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EDITIONS
 Friday, 7 June, 2002, 10:33 GMT 11:33 UK
Everything is Illuminated
A daring comic novel set in the Ukraine by 24-year-old New Yorker Jonathan Safran Foer.

(Edited highlights of the panel's review)


MARK LAWSON:
Tina Brown, he takes a lot of risks, a book by a 24-year-old author. A character with his name in it. It approaches the Holocaust through comedy. It's very largely written in very bad English. Does he get away with it?

TINA BROWN:
Totally. When I read the reviews of it, my heart sank. I thought, "I am going to hate this book about Jewish self-realisation."

It's been a vein of literature that's been adequately covered before by writers like Roth and Bellow, but what he has done by adding the character of the narrator and talking in this hilariously incorrect English, which never gets tiresome, he pulls it off brilliantly - he has really invented the American just before he becomes one.

He is the immigrant who isn't yet an American, at the moment when he is travelling towards that experience. It's brilliant and fresh.

MARK LAWSON:
I thought he had a mature ear for what the reader could stand. Just when you need the English to start getting better, it does?

ROSIE BOYCOTT:
Yes. His sense of timing is awesome. He is writing effectively four books.

There are the letters, the actual narrative when they are going to the Ukraine to look for the grandfather in the village, and then these wonderful dialogues that he has in this crazy English. He takes his foot off the gas pedal or puts it on at the right moment.

This book is very funny, and on one level quite joky, then suddenly it hits you through the heart with the punch of what happened in this village they are looking for.

It is incredibly moving, and you are then captured by this book and the characters in this book. You like them and you want them to win. This book is awesome. The one thing I hate is for some reason they have the cover one way and then the other way.

MARK LAWSON:
It's the kinds of print that's hard to read.

ROSIE BOYCOTT:
You look at this and think, "This is going to be ghastly" and in fact it's wonderful. I wish they could reprint it.

MARK LAWSON:
Tom, what do you think?

TOM PAULIN:
It's an extraordinary book. It owes a lot to a wonderful book by Dan Jacobson, Heshal's Kingdom, about a character going to Lithuania, where his ancestors fled from before the Holocaust.

The Ukrainian English episodes are absolutely brilliant. This is English which is kind of wrecked but recognisable, like watching somebody sort of jump-start a Lada. It's fantastically funny.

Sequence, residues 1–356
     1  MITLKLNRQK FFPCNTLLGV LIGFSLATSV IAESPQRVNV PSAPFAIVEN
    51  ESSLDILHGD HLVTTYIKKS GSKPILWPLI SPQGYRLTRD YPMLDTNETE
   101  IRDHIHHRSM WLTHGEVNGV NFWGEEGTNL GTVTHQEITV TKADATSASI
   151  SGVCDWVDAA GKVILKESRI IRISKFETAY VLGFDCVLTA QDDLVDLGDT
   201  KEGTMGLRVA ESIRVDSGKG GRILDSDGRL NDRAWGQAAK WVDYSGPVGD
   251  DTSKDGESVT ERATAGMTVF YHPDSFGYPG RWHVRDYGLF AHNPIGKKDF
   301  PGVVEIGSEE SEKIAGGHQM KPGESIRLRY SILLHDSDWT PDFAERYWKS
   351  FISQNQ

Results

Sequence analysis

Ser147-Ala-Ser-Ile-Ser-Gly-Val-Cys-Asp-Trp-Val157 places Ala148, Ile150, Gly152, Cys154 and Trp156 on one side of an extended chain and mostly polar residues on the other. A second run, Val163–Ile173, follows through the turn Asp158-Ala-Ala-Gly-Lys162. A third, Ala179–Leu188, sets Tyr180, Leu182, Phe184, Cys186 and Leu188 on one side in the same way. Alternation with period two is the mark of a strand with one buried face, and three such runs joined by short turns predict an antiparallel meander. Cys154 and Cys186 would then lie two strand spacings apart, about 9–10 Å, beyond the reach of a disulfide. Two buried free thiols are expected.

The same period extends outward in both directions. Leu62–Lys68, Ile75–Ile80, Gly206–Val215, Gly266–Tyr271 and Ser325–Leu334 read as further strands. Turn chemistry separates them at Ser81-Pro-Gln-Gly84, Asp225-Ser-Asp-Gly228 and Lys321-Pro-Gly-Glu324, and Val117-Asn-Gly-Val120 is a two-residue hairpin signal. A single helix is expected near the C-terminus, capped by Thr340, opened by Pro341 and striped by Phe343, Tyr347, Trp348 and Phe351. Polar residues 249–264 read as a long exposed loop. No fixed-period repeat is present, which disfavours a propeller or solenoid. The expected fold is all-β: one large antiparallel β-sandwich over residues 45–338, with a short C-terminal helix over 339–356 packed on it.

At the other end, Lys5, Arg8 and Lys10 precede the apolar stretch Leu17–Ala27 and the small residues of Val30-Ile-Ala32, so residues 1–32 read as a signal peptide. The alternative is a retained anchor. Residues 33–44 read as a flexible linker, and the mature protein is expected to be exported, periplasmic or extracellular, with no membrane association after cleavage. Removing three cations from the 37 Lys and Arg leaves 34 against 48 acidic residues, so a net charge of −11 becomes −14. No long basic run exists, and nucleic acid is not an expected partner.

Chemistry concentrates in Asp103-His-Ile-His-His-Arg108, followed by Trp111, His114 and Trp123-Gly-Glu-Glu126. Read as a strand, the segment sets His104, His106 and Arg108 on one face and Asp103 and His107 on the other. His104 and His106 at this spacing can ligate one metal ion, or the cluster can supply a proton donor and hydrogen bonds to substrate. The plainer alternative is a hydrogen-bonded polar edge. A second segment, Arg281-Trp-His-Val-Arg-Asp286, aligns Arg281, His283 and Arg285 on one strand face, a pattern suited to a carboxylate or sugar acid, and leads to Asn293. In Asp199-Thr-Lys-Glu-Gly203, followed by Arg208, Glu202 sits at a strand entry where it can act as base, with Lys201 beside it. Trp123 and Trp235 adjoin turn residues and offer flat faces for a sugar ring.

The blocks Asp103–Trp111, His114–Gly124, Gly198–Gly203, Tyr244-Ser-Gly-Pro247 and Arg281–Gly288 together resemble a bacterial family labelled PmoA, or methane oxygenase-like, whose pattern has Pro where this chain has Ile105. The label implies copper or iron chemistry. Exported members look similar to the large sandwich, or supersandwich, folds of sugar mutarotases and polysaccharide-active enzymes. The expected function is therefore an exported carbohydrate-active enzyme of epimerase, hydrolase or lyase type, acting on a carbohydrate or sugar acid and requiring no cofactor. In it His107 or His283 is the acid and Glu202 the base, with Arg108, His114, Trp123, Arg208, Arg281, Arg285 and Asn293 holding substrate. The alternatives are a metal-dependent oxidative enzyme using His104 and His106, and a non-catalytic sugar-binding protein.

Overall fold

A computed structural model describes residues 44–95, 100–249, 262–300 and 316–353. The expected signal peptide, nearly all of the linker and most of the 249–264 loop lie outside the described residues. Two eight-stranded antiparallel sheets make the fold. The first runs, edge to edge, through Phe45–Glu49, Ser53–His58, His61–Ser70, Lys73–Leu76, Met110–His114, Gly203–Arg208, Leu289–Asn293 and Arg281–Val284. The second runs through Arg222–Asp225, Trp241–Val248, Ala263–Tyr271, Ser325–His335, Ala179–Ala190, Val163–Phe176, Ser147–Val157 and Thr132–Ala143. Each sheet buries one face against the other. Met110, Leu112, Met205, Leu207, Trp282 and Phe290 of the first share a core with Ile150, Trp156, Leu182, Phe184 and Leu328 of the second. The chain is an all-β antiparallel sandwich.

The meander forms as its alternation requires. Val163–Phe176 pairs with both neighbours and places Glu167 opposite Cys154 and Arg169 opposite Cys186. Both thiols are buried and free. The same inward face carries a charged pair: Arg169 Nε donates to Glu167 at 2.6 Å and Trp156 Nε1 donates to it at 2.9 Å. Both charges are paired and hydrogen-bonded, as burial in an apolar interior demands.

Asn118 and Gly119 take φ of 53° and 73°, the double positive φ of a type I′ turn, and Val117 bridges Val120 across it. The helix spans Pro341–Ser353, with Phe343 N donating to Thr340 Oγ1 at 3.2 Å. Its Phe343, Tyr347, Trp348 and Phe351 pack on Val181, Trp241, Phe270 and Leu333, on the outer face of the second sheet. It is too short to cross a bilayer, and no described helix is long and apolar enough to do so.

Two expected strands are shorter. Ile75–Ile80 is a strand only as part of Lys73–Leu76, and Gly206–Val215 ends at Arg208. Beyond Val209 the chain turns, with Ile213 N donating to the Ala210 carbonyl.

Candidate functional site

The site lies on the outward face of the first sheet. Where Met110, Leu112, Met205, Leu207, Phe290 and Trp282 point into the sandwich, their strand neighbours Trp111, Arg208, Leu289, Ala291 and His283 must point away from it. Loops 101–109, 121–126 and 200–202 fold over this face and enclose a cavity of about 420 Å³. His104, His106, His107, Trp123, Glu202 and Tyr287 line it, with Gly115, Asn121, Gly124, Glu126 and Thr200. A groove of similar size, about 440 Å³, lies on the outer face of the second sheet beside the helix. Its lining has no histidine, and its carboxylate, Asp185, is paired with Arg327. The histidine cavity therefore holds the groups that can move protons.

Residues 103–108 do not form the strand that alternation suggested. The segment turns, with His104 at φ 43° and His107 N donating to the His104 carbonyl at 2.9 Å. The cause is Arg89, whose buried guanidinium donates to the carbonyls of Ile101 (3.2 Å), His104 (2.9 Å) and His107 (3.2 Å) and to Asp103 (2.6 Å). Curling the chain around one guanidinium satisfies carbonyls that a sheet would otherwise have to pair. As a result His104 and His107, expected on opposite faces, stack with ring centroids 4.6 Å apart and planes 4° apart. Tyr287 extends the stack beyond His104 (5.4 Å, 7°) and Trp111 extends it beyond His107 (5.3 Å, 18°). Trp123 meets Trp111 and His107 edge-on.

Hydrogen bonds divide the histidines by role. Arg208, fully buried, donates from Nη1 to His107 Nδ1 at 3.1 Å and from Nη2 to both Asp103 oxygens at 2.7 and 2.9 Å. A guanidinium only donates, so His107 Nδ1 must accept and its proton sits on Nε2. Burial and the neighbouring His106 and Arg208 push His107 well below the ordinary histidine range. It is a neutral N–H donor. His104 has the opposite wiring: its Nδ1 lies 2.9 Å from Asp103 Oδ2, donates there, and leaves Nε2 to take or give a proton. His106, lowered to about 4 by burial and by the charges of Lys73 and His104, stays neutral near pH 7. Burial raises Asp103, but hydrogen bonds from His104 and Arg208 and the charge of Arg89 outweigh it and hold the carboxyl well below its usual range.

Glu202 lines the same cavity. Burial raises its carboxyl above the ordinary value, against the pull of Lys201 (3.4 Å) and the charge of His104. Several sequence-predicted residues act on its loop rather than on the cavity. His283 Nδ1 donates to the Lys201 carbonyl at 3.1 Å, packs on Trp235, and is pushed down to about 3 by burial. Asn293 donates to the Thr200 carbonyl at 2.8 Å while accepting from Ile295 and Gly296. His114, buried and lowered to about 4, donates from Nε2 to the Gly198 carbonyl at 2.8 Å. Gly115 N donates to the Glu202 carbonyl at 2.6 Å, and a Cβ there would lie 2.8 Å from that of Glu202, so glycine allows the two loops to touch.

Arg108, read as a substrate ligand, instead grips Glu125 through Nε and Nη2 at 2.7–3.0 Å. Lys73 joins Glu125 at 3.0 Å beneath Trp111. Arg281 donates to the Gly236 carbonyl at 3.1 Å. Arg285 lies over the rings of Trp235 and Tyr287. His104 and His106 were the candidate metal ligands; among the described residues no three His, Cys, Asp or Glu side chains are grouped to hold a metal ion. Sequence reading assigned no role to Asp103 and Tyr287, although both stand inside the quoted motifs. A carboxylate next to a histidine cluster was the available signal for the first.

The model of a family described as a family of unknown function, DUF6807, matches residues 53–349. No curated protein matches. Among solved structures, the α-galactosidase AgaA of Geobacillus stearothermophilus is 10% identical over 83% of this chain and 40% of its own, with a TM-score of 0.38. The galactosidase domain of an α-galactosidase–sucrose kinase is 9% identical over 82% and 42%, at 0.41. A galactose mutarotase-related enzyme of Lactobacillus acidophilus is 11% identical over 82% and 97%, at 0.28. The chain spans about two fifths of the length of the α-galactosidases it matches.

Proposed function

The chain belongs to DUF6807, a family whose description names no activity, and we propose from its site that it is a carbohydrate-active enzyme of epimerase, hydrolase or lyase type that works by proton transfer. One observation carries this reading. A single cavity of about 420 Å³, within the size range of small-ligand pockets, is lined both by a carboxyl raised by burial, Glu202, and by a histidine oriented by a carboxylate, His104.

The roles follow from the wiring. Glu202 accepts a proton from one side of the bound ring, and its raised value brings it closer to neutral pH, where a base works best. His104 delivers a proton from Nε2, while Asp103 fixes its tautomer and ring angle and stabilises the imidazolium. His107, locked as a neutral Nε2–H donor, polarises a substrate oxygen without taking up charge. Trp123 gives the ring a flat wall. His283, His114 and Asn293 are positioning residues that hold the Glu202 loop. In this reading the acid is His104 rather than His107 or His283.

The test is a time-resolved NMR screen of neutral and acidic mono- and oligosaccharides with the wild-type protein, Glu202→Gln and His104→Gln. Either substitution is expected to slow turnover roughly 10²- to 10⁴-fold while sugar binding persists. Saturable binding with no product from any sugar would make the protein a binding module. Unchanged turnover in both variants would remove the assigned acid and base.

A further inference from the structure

Then everything is like Shegal, visionary, a great deal of wishful thinking, almost no mention of the pogroms until you get to the arrival of the Nazis. It's a very extraordinary book.

MARK LAWSON:
Very high praise so far, as there has been in America, but it's a fantastically audacious undertaking.

There is slapstick. The driver when he turns up in the Ukraine is blind, and you go from slapstick to historical tragedy. Does it work?

IAN RANKIN:
I hate to put a slight spanner in the works. I don't think it does work quite as seamlessly as we seem to be saying.

He has created a character Alex who is such a tremendous, humorous character. It's a wonderfully humorous creation, and everything which isn't from Alex's point of view somehow falls away and I was desperate to get back to Alex and contemporary again.

TOM PAULIN:
But it does go on too much. There is too much sex.

ROSIE BOYCOTT:
There is very little sex.

IAN RANKIN:
I kept writing names down, all the way round, but you need to have people that you are learning from.

But I did feel that the Jonathan Safron Foer character who was writing these pieces, you were saying, "I want to get back to the Alex character", who will then undermine everything you say, so he was pre-empting criticism which was interesting, but a bit of a cheat.

MARK LAWSON:
If you have a high framing device, such as this bad translation, it makes you impatient to get back to that?

ROSIE BOYCOTT:
Yes, but the sections are small. I never found at any point that I thought it was going too slowly. He paced it extraordinarily. It's like four books that somehow someone shuffled, but I think shuffled immaculately.

You are in and out of feeling and humour. That wonderful dog, Sammy Davis junior, the only guy with a blind guide dog, and he falls in love with the thing and he's hilarious and loveable too.

MARK LAWSON:
He's taking on American independent cinema because of these switches of tones.

TINA BROWN:
It is very cinematic in that sense, and he has been influenced by the cinema. Like Rosie, I wasn't bored at all by the other story of the stetl.

I found just when I was getting irritated by the translator, I switched back into something with a lot more heart and texture. I sometimes felt irritated about leaving that story.

TOM PAULIN:
The thing about the translator is he is so anxious with the anti-Semitic grandfather in the background, and that nervousness running through it and him wanting to go to America.

See also:

05 Apr 02 | Panel
18 Apr 02 | Panel
30 May 02 | Panel
18 Apr 02 | Panel
30 May 02 | Panel

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